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Saturday, 19 January 2013 07:16

January Flowers

Written by Jessica W.

This January has been exceptionally unpredictable weather wise: we’ve had balmy 72-degree days and star-dappled evenings kissed by warm, spring-like breezes. The weather has woken the flowers from their rest, and everywhere crocuses are beginning to push their way out of the soil, swiftly reaching for the warmth of the sun.

umbrellaAnd then there have been weeks like this one, when every day dawns wet and rainy, a sky like frozen iron blanketing the world in bitter chill. A ray of sunshine feels like a blessing we can barely bring ourselves to remember. There is a snowstorm swiftly approaching and a week of frozen nights in the treefuture, which begs the question: what happens to those delicate flowers snugpushing their way upward right in time for snow?

After periods of rest and recovery, the bulbs are finally ready to reveal new blooms. They expose themselves to vulnerability in order to open their blossoms to the world. These tentative blooms are strangely familiar: so too do we experience life, take periods to heal from grief, loss, anxiety or depression, and then accept our vulnerability in order to lead lives worth living.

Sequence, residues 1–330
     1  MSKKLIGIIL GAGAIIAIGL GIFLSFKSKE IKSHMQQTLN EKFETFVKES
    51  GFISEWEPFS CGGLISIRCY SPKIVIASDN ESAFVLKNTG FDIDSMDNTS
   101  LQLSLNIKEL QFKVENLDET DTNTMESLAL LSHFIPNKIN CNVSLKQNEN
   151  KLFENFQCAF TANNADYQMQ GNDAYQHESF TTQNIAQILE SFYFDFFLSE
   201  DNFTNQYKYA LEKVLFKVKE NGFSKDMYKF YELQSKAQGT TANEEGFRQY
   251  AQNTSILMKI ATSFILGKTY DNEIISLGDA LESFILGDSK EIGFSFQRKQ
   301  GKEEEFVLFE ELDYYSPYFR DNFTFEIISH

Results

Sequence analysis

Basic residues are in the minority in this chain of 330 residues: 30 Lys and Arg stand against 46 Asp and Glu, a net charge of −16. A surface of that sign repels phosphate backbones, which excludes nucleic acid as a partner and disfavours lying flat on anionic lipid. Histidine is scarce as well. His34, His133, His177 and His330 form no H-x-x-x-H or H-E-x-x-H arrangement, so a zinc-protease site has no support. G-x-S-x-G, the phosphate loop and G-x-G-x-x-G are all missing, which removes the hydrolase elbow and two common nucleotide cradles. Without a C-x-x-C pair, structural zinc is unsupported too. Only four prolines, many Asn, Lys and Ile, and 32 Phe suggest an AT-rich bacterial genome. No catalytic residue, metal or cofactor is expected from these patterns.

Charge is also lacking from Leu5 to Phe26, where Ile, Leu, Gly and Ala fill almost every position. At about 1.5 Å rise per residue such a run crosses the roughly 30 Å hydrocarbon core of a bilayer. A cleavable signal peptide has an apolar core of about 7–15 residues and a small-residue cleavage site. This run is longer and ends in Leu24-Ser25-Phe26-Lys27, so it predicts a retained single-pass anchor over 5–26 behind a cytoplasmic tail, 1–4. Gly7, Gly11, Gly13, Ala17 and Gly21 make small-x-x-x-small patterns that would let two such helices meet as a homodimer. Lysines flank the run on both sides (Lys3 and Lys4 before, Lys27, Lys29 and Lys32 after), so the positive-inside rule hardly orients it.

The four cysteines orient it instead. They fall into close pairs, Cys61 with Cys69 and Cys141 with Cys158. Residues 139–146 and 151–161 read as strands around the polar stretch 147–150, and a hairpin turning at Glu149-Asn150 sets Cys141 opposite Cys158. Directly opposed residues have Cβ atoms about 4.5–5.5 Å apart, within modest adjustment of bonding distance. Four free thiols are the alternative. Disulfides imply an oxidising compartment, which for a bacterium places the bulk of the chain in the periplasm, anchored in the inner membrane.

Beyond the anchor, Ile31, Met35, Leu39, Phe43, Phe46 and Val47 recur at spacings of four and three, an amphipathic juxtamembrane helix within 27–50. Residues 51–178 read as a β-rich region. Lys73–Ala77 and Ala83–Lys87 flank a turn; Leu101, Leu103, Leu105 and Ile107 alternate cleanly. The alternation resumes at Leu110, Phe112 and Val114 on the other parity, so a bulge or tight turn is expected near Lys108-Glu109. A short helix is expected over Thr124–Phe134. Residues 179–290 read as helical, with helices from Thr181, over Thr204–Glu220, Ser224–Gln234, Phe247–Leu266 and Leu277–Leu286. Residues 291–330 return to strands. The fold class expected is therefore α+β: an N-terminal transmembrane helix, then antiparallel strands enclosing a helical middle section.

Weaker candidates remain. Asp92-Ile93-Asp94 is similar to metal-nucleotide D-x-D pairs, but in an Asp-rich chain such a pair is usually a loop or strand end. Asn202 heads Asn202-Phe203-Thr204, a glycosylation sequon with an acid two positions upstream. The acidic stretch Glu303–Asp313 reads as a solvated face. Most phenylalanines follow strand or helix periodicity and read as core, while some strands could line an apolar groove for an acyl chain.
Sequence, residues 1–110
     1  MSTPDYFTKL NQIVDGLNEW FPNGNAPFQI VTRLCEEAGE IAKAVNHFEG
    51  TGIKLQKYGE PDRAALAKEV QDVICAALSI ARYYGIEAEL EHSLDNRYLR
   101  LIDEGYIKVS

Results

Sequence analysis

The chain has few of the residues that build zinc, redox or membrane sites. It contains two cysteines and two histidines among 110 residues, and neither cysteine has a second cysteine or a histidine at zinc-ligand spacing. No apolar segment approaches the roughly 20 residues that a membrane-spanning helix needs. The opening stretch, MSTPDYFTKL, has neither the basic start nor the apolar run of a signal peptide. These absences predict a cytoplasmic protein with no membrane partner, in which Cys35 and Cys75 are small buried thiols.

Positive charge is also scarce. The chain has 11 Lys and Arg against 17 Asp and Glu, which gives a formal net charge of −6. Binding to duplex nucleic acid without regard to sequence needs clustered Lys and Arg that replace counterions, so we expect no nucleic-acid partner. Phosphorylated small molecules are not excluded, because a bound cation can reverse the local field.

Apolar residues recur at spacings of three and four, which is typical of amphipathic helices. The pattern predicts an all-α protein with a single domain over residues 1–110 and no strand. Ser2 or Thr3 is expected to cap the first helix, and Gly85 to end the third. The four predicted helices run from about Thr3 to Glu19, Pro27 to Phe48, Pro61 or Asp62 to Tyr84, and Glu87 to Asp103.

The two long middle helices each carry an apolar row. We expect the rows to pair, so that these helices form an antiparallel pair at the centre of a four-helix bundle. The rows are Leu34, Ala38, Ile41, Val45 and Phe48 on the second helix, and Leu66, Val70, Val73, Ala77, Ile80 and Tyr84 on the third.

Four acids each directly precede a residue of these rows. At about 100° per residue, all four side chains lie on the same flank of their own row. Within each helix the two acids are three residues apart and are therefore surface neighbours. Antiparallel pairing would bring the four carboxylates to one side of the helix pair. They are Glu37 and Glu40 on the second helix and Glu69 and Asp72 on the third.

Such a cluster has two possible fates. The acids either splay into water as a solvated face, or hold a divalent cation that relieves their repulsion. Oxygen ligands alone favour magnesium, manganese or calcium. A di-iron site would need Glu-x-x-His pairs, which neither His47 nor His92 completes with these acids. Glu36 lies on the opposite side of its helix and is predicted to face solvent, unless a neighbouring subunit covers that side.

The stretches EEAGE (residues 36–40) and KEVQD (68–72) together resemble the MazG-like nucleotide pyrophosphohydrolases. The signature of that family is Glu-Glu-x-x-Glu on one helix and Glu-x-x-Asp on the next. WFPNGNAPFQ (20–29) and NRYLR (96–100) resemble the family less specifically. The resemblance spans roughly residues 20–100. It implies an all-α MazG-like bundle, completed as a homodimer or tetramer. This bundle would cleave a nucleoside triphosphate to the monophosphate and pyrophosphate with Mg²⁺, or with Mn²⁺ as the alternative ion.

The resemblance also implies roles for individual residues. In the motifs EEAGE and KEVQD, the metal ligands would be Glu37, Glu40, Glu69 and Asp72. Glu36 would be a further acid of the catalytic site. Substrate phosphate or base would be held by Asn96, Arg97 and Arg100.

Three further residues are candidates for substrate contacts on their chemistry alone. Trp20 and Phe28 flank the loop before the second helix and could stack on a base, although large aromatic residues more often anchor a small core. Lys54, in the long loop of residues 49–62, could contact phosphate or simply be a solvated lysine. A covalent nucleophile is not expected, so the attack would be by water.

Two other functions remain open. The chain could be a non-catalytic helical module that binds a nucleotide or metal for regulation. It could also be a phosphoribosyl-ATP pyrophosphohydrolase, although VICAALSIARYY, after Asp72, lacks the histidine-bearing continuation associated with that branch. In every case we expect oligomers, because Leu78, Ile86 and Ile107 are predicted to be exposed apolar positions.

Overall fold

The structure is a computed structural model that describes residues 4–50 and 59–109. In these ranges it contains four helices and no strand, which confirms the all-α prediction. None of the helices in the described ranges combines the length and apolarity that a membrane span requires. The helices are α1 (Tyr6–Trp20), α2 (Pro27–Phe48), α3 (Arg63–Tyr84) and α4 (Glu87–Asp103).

It’s a good thing that while their blossoms are delicate, bulbs are resilient. When we work on the root of our existence, we cultivate a similar strength and resilience. Learning to love one’s self, and treat that person with compassion nurtures that strength. The therapy techniques learned in residential treatment are akin to the blanket placed on flowers to protect them from snow. pinkThey are wonderful, protective tools that help us weather the elements of life. The greatest protection of all, though, is the strength it takes to adopt those techniques and to seek help, the inner light cultivated through the healing process. The inner strength and self-compassion we nurture keeps us going through many winters.

We cannot protect ourselves from everything. In order to experience sunshine in life, we must accept vulnerability to experience – to loss or the potential for painful emotions. But that is how we receive sunlight, how we thrive. We may not be able to protect ourselves from everything, but even if the blossom suffers, the bulb is fine. So too, are we: after shedding our old leaves, we kindle the strength inside of us to bloom again and grow stronger, better and more beautifully after the winter.

Last modified on Saturday, 19 January 2013 07:32

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